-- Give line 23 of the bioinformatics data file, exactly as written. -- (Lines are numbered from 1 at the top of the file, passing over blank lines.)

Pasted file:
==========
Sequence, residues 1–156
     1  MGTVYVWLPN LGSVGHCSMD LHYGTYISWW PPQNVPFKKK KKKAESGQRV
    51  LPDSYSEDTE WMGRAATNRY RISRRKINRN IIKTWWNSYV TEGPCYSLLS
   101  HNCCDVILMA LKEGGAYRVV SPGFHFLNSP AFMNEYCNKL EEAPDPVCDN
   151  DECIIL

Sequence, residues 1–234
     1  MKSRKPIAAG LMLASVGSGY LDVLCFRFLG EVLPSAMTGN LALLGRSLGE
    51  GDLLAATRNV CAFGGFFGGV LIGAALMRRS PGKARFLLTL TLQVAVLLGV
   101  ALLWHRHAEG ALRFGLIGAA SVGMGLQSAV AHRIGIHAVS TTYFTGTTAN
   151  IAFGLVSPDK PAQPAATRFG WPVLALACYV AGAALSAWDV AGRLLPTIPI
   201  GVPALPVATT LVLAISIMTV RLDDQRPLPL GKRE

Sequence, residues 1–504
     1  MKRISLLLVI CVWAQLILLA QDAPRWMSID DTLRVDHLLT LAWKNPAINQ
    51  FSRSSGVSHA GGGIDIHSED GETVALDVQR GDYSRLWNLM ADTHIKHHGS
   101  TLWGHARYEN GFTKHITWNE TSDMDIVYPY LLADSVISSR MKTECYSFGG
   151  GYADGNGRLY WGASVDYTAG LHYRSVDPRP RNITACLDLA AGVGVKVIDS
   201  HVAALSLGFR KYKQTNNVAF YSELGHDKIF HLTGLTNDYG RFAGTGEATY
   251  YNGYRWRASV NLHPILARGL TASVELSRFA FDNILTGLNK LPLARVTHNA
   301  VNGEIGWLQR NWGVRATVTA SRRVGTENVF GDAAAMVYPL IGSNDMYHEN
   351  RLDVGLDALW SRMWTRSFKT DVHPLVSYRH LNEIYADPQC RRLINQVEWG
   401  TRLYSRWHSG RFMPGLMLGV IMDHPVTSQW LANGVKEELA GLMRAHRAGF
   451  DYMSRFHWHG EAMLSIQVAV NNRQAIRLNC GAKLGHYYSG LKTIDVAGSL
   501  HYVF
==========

   501  HYVF